For them and for their little ones provide,
But chiefly in their hearts with grace Divine reside.
I think this is the most descriptive, and true, and touching scene
of a Christian man's experience that can be found in any language.
Burns knew how to touch the tender chord of a human heart. An honest
man's the noblest work of God. They rest from their labor and their
works do follow them.
Paul, in his Epistle to the Hebrews, says, Beloved, we are
persuaded better things of you, and things that accompany salvation,
though we thus speak: For God is not unrighteous to forget your work,
and the love which He showed unto His name.
Listen, then, to this sweet, silent voice calling us to go and do
Lord, what wilt thou have me to do? It is to a life of toil, not of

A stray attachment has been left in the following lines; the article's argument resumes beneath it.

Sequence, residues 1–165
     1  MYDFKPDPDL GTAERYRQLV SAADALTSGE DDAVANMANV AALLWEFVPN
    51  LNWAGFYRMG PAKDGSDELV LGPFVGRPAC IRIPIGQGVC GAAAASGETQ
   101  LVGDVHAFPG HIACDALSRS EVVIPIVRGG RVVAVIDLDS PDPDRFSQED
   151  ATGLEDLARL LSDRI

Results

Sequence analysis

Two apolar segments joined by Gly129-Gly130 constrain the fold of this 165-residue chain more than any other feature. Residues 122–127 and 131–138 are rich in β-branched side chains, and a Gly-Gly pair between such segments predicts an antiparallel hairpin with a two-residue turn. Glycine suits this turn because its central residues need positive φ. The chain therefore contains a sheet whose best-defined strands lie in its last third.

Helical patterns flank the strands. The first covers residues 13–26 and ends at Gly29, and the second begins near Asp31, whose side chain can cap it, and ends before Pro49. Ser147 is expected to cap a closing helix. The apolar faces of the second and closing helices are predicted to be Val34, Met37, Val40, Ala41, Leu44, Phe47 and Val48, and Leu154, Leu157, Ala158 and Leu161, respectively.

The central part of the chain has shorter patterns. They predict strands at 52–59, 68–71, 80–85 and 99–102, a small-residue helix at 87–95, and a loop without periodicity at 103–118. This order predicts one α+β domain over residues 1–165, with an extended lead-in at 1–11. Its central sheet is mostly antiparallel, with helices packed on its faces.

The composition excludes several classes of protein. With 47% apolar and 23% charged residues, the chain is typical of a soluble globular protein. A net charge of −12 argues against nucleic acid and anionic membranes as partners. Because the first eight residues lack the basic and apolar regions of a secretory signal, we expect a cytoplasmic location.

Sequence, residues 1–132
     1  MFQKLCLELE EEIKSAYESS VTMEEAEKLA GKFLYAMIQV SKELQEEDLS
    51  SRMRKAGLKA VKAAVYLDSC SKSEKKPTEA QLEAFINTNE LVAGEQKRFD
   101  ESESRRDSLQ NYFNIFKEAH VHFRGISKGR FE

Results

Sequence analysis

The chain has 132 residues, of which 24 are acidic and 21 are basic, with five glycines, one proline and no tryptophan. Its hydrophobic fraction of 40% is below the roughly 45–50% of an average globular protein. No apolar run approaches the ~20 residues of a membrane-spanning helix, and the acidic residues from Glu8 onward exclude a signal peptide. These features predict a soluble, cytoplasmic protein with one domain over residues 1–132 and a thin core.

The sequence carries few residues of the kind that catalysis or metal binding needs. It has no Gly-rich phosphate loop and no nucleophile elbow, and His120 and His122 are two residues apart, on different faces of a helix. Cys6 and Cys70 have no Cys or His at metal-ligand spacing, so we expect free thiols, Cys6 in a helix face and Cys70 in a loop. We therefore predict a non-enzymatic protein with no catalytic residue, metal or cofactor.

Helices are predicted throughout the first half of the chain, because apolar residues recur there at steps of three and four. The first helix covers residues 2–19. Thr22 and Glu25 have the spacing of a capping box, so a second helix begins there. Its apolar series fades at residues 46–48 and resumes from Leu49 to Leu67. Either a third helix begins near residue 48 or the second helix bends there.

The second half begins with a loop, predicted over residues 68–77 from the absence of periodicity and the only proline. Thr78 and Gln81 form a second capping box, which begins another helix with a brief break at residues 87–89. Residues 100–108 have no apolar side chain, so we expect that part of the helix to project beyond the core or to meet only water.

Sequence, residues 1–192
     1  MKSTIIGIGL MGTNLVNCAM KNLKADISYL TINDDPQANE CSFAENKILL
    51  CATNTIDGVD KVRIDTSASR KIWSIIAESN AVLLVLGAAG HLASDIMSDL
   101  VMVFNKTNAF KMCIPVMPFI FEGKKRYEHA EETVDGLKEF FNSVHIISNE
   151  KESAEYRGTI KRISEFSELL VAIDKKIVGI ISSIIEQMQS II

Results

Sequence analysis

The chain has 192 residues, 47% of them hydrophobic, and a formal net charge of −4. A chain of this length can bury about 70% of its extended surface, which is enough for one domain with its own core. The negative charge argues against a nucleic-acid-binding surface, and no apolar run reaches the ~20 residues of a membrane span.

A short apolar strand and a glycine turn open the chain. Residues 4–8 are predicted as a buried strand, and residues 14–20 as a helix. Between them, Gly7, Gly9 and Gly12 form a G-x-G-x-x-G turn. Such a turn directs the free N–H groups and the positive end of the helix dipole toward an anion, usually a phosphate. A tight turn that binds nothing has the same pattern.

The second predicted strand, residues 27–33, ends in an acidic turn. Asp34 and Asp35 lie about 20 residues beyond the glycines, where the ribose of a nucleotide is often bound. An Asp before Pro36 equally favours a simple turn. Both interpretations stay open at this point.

indolence, we are called. The fields are white already, unto harvest.
Who will bear the sheaves away? Who among our young men in this
congregation will take the place of Elder Knowles? Can you be engaged
in a grander or nobler work? He that winneth souls is wise. Is there
any purer pleasure in this world than the joy that is experienced in
the heart when souls are converted to God? Oh, young men, deeply
meditate on that precious passage. He that converteth a sinner from the
error of his ways, doth save a soul from death, and doth hide a
multitude of sins. Are not the opportunities great in this city for
doing good? Is not the wickedness great? Are not souls perishing around
you for lack of knowledge? Resolve, from this day, that, God helping